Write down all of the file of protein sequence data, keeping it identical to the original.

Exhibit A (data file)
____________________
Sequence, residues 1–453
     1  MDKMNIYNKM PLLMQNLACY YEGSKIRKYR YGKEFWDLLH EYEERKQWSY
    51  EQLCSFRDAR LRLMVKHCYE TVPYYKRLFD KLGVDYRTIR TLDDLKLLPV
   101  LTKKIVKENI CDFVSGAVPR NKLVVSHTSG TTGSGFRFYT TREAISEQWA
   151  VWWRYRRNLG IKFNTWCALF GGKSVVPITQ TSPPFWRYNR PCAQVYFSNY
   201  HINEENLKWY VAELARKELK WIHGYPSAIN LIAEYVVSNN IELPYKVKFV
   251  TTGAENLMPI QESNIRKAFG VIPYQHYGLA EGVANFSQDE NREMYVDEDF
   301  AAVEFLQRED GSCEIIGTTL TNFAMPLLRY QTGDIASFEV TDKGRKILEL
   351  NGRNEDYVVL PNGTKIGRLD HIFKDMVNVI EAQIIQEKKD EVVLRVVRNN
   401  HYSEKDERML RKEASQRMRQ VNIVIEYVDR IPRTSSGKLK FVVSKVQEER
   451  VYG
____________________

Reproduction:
Sequence, residues 1–453
     1  MDKMNIYNKM PLLMQNLACY YEGSKIRKYR YGKEFWDLLH EYEERKQWSY
    51  EQLCSFRDAR LRLMVKHCYE TVPYYKRLFD KLGVDYRTIR TLDDLKLLPV
   101  LTKKIVKENI CDFVSGAVPR NKLVVSHTSG TTGSGFRFYT TREAISEQWA
   151  VWWRYRRNLG IKFNTWCALF GGKSVVPITQ TSPPFWRYNR PCAQVYFSNY
   201  HINEENLKWY VAELARKELK WIHGYPSAIN LIAEYVVSNN IELPYKVKFV
   251  TTGAENLMPI QESNIRKAFG VIPYQHYGLA EGVANFSQDE NREMYVDEDF
   301  AAVEFLQRED GSCEIIGTTL TNFAMPLLRY QTGDIASFEV TDKGRKILEL
   351  NGRNEDYVVL PNGTKIGRLD HIFKDMVNVI EAQIIQEKKD EVVLRVVRNN
   401  HYSEKDERML RKEASQRMRQ VNIVIEYVDR IPRTSSGKLK FVVSKVQEER
   451  VYG